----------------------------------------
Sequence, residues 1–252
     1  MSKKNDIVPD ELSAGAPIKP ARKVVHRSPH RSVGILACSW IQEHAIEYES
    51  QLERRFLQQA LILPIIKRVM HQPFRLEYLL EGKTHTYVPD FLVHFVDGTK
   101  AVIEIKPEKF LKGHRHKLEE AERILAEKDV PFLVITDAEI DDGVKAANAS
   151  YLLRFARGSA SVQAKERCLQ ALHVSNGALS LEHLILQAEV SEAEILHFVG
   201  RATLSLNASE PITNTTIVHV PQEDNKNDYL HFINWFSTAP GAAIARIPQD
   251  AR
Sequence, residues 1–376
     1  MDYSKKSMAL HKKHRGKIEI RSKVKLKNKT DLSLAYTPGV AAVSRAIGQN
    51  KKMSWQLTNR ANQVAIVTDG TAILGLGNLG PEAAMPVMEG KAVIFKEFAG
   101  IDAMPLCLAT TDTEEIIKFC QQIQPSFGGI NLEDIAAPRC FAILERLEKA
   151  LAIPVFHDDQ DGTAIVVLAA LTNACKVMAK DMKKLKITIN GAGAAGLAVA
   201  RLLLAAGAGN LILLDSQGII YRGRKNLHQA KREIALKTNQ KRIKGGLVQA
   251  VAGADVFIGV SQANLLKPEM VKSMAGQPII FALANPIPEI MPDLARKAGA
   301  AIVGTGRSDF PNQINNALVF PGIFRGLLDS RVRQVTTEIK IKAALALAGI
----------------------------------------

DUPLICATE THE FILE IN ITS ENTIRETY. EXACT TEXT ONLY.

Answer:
Sequence, residues 1–252
     1  MSKKNDIVPD ELSAGAPIKP ARKVVHRSPH RSVGILACSW IQEHAIEYES
    51  QLERRFLQQA LILPIIKRVM HQPFRLEYLL EGKTHTYVPD FLVHFVDGTK
   101  AVIEIKPEKF LKGHRHKLEE AERILAEKDV PFLVITDAEI DDGVKAANAS
   151  YLLRFARGSA SVQAKERCLQ ALHVSNGALS LEHLILQAEV SEAEILHFVG
   201  RATLSLNASE PITNTTIVHV PQEDNKNDYL HFINWFSTAP GAAIARIPQD
   251  AR
Sequence, residues 1–376
     1  MDYSKKSMAL HKKHRGKIEI RSKVKLKNKT DLSLAYTPGV AAVSRAIGQN
    51  KKMSWQLTNR ANQVAIVTDG TAILGLGNLG PEAAMPVMEG KAVIFKEFAG
   101  IDAMPLCLAT TDTEEIIKFC QQIQPSFGGI NLEDIAAPRC FAILERLEKA
   151  LAIPVFHDDQ DGTAIVVLAA LTNACKVMAK DMKKLKITIN GAGAAGLAVA
   201  RLLLAAGAGN LILLDSQGII YRGRKNLHQA KREIALKTNQ KRIKGGLVQA
   251  VAGADVFIGV SQANLLKPEM VKSMAGQPII FALANPIPEI MPDLARKAGA
   301  AIVGTGRSDF PNQINNALVF PGIFRGLLDS RVRQVTTEIK IKAALALAGI